Boda boda
Motorbike riders, referred to as "boda boda" drivers, wait for passengers on the outskirts of NairoboREUTERS/Noor Khamis

Uber tends to spark protest wherever it goes, and Africa has been no exception. Since its arrival in Kenya, Uber drivers have been assaulted, passengers harassed, and cars torched. But the biggest threat to the company's bottom line may not be angry taxi drivers but motorcycles.

East Africa is witnessing a boom in Uber-style apps for motorcycle taxis (locally known as boda-bodas), which promise to be significantly cheaper than Uber rides and much more convenient. Never-ending traffic jams are a fact of life in capitals like Kampala or Nairobi; last year hundreds of Kenyans got stuck for 19 hours after Nairobi's roads turned into a parking lot. During hellish rush hour, moto-taxis are the fastest way to get around.

Their main caveat, however, is safety. According to the World Health Organization, Sub-Saharan Africa has both the highest road fatality rate and highest motorcyclist death rate in in the world. A study conducted at Mulago National Referral Hospital in Kampala, Uganda, found boda-bodas are responsible for 75% of all trauma caused in road traffic collisions.

Meanwhile in Rwanda, a person is 365 times more likely to have a traffic related death than in the United Kingdom. The Kigali City Council estimates that 80% of traffic accidents involve motorcycle taxis.

Moto-taxi apps hope to attract users by promising convenience, without compromising safety. Uganda-based startup Safeboda trains its boda-boda drivers in road safety and partners with the Red Cross to teach them first aid. The app acts like a phone book allowing users to hail a taxi on their smartphones but the company also provides its drivers with protective gear like full-face helmets.

Safeboda's fleet of 460 drivers is currently providing 7,000 rides a day, which means the sight of their branded orange helmets is becoming commonplace in the streets of Kampala.

"Safeboda has made me a better motorist," says Moses Musinguzi, a driver with six years of experience who began using the app 18 months ago, "and I have almost doubled the number of clients."

In neighbouring Rwanda, another startup called SafeMotos is taking safety into the digital sphere by using the gyroscope inside drivers' smartphones to monitor their driving habits – from average speed to how hard they brake. The information is then processed by vehicle telematics used by insurance companies and shown on the drivers' profiles. The safer the driver, the more work they get. "We are aligning the consumer demands with the drivers interest," says Peter Lloyd, the company's co-founder.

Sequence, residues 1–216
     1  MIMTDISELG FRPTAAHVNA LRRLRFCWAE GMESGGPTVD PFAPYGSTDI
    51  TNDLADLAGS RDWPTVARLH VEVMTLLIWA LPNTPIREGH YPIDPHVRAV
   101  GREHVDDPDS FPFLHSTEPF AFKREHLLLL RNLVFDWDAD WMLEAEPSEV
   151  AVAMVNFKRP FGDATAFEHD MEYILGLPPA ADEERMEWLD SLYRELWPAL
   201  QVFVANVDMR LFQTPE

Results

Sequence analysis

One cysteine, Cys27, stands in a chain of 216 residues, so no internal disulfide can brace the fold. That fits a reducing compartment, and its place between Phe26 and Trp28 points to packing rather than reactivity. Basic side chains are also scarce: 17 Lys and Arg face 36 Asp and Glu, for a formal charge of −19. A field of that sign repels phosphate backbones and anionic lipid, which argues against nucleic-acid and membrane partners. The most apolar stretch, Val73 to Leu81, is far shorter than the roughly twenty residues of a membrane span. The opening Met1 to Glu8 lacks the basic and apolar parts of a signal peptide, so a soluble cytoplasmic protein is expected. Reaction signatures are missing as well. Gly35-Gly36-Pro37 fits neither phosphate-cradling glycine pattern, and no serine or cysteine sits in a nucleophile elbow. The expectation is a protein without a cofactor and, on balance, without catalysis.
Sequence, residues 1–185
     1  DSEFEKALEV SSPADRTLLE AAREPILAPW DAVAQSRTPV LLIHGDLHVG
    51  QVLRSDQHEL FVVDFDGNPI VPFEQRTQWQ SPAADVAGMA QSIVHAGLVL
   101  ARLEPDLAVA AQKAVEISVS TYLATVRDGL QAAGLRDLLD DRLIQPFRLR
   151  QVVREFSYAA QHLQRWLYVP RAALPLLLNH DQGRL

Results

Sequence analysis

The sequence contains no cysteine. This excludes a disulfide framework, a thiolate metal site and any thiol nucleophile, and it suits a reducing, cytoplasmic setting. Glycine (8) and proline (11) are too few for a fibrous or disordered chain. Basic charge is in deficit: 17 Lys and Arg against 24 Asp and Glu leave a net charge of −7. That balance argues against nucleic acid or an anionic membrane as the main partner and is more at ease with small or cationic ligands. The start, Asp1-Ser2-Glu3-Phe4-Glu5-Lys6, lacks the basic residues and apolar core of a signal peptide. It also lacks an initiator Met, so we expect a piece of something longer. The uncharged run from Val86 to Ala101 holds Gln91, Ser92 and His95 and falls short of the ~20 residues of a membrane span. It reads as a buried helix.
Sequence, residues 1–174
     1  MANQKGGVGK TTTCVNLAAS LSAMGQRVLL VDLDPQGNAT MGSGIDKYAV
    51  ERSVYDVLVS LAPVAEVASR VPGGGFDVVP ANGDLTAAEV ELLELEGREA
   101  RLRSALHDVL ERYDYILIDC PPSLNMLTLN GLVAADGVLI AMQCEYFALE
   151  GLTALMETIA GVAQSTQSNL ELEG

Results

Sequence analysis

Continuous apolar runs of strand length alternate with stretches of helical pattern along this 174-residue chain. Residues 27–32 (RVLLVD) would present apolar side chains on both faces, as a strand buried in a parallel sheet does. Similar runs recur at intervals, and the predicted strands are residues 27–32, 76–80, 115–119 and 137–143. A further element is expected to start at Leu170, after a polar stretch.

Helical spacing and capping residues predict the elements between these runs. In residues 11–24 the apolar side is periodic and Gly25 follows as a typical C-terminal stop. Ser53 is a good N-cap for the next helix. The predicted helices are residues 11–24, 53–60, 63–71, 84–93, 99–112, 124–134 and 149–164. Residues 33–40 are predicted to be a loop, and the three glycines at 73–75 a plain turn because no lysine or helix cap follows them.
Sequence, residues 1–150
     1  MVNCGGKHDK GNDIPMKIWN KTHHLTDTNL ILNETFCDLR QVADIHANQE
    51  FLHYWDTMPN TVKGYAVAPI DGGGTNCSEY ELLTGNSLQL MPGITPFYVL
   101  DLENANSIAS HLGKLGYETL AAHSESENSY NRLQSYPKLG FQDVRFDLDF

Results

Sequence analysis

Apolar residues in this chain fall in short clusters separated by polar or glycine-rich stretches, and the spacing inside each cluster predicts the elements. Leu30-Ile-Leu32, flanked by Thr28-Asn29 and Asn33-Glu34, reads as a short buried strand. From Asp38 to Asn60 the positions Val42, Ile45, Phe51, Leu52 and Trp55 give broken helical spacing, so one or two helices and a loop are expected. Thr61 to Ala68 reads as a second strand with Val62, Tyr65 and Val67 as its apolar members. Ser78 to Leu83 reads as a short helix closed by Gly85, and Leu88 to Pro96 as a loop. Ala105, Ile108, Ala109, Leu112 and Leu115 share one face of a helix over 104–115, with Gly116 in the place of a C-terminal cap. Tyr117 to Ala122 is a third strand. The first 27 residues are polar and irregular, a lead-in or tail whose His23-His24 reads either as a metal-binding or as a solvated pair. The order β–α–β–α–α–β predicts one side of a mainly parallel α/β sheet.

Investors are showing interest. Safebodas recently raised £160,000 in funding from the London-based Global Innovation Fund. And Safemoto is already planning its expansion to other cities like Kisumu, in Kenya, or Douala, in Cameroon. Maramoja, an Uber-style app developed in Nairobi, is also entering the moto-taxi space.

"We realized bodas are such a big market," says Maramoja's CEO Jason Eisen "they just need safer practices." The app uses the client's contacts and social media connections to find drivers through people they trust. They recently finished their first moto-taxi trial - for half the price of a car ride - and are getting ready to re-release the service in summer.

Traffic, Nairobi
Vehicles  stuck in a traffic jam in Nairobi, KenyaTony Karumba/ AFP

Yet there are many challenges to scaling up. The boda-boda community is highly unregulated, compared to conventional taxis, and that makes it difficult to find reliable drivers and build product awareness.

There are also technical problems to be solved, like having to provide drivers with smartphones and then keeping the phones charged on bikes - Maramoja found many drivers went offline after being hailed so they are now experimenting with portable batteries.

Chipping away at Uber's monopoly is going to be an uphill battle, says Mbwana Alliy, Managing Partner at Savannah Fund, a seed capital fund specializing in Sub-Saharan Africa. "Uber has too much momentum to be dislodged. Anything that doesn't represent a revolutionary innovation won't survive."

Things could get even more competitive if Uber decides to roll out its own moto-taxi version, "UberMoto", which they have just begun testing in Bangkok. Still, the entrepreneurs behind these local apps trust that being developed in Africa and having first-hand knowledge of their market will give them enough of a competitive advantage to survive a battle with the £34bn Uber.

So far, none of the boda-boda app drivers have suffered from violent attacks like the ones Uber experienced in Kenya because they don't require exclusivity from their drivers. Unlike Uber, Maramoja doesn´t make users pay for time in transit but instead divides the city into areas and provides flat rates from one zone to another, regardless of how long it takes to get there.

Safemotos operates mainly in cash, since credit cards are still rare in Uganda, and Safeboda has ditched conventional maps. Local drivers often have trouble navigating because they don't know the street names, so the app guides them to the client using the nearest available landmark. "Uber is a mammoth," says Lloyd, "but they'll never understand Africa like we do."


Laura is a foreign correspondent based in Nairobi, Kenya, writing on issues of development and migration


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